Tuesday, May 30, 2017

The Man in the High Castle- Philip K. Dick

Unfinished Book

Couldn't get through this.

The idea is brilliant, what if the Axis Powers had really won the war.. what would the world be like then?? I personally don't think things would have been as dramatic is portrayed in this book. And maybe that's what Philip was trying to tell us since "The Grasshopper Lies Heavy" is way more disastrous than the world actually turned out to be.

Basically, any outcome would have been just as good and shit as the other.

The problem with this book was the cringe dialogue. Oh my, it was sooo awkward and uncomfortable. I stand by the statement I made after getting through a Kafka novel " Great thinkers do not necessarily make great writers". Some people should stick to theorizing and philosophy and not venture into the world of novels.

Example of awkward dialogue/scenes:

I don’t understand you,’ she said. ‘What do you believe? What is it you want? You defend those monsters, those freaks who slaughtered the Jews, and then you –’ Despairing, she caught hold of him by the ears; he blinked in surprise and pain as she rose to her feet, tugging him up with her. They faced each other, wheezing, neither able to speak. ‘Let me finish this meal you fixed for me,’ Joe said at last. ‘Won’t you say? You won’t tell me? You do know what it is, yourself; you understand and you just go on eating, pretending you don’t have any idea what I mean.’ She let go of his ears; they had been twisted until they were now bright red.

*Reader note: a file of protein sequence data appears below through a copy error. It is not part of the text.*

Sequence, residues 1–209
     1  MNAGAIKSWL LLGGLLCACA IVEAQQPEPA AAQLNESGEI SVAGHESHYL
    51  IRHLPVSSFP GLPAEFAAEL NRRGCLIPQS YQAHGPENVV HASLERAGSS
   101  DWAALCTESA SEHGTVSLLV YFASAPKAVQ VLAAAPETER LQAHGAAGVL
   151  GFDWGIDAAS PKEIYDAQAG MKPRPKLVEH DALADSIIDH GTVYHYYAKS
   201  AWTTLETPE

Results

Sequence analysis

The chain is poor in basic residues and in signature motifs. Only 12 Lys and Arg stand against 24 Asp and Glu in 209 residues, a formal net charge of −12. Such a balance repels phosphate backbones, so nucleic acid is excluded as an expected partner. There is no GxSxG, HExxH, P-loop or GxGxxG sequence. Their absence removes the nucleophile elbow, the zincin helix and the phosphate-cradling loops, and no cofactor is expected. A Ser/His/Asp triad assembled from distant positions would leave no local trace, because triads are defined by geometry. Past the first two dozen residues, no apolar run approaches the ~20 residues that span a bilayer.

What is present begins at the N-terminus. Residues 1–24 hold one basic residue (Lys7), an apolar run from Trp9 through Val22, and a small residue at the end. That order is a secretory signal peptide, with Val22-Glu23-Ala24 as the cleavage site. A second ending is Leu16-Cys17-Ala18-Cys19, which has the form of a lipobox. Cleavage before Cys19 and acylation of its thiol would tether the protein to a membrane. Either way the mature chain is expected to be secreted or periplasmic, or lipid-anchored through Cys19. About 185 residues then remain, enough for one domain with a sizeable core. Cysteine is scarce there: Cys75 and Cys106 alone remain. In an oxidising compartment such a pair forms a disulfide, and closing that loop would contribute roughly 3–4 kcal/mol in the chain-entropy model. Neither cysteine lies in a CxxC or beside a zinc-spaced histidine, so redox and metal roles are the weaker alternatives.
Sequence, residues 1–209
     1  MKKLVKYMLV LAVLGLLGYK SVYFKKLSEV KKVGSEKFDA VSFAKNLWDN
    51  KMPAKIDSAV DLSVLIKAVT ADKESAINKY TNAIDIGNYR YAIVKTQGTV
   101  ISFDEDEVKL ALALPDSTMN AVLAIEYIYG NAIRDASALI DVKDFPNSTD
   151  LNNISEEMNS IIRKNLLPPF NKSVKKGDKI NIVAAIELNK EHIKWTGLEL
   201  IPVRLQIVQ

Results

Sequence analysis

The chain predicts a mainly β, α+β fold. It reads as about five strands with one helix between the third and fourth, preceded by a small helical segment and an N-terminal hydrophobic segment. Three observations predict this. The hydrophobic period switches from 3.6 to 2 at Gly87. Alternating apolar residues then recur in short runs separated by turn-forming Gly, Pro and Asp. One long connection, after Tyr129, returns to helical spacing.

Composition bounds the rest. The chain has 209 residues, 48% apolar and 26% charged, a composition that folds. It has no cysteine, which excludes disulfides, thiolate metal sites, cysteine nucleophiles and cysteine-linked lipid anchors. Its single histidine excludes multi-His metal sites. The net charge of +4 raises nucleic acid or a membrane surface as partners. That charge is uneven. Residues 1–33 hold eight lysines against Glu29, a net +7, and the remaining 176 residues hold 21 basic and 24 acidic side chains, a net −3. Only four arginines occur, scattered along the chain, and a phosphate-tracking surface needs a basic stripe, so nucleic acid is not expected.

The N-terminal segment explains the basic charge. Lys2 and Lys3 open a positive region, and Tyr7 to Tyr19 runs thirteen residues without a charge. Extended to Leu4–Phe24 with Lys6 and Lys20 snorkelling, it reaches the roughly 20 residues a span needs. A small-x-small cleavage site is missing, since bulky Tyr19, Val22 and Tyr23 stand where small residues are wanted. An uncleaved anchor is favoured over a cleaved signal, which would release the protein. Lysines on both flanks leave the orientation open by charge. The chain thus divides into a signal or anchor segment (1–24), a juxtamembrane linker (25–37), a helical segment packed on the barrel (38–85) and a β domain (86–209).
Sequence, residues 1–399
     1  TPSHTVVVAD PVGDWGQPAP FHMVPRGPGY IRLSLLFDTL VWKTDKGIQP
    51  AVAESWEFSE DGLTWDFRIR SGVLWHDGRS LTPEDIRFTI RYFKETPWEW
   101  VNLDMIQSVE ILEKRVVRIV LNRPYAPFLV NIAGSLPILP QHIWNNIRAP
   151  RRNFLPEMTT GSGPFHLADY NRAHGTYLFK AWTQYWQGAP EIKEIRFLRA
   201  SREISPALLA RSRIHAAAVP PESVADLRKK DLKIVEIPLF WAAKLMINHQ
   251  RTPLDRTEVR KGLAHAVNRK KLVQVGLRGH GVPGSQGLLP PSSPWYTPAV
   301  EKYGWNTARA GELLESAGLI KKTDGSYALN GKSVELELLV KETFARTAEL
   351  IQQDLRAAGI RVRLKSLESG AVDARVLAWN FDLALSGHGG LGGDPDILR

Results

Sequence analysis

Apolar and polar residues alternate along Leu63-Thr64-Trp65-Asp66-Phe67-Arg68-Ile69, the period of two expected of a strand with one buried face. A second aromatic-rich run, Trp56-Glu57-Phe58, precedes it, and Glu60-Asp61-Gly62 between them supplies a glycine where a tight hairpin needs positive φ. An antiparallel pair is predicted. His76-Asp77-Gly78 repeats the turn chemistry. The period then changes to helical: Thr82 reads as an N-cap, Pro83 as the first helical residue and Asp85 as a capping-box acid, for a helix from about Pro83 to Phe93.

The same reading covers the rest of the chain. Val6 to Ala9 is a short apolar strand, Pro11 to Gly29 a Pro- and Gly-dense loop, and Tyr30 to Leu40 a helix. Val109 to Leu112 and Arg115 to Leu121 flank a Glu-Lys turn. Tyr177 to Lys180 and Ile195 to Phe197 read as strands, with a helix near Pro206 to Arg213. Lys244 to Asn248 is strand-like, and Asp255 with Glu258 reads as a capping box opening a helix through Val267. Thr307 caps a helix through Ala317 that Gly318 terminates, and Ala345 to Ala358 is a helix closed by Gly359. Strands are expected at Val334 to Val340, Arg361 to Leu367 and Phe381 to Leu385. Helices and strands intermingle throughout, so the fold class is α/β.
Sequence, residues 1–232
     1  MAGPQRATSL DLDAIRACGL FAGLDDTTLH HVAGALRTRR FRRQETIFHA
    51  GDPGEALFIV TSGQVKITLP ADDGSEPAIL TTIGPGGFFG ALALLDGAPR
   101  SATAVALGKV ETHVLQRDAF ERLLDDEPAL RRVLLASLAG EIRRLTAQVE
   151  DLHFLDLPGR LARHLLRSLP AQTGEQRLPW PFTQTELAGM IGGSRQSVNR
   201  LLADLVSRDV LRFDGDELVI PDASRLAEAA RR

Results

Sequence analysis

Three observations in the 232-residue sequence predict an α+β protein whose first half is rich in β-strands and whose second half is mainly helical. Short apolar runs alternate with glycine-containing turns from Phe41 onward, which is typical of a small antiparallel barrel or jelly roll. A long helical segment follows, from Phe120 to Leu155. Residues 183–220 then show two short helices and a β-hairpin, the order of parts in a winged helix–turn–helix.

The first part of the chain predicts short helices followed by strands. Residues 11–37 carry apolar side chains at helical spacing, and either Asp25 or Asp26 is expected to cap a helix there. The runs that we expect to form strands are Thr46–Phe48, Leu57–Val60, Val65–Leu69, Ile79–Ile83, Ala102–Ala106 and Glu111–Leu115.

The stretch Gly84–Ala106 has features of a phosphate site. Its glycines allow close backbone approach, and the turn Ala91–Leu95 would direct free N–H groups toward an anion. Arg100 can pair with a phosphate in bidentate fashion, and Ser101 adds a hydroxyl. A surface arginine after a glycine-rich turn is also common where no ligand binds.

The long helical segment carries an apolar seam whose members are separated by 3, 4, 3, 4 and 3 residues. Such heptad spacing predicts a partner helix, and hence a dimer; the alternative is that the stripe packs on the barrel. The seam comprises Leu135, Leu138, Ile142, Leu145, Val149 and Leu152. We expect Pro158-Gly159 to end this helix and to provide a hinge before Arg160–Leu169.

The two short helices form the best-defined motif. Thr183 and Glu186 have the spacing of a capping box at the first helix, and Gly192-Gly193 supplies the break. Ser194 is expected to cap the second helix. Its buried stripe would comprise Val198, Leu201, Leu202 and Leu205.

This is just so weird. Mind you, those people just met. Juliana picks this guy up at a bar, takes him home and he just stays there... He "misses his ride" and just stays in her house. Their interactions are fucking awkward and unnatural.

Then there is the weird Japanese clipped sentences. So all the Japs in the novel converse in broken English but it seems that the Americans have adopted this speech too... with each other.. why? The war hadn't even ended that long ago for this talk to be imbedded in their psyche. It just made the book hard to follow and pissed me off:

‘What else reported by Nippon Times?’ Paul asked his wife. ‘Much confusion and intriguing. Army units moving from hither to yon. Leaves cancelled. Border stations closed. Reichstag in session. Speeches by all.’

Ugh. Shut up!

Gave up on this in the end; not worth it.

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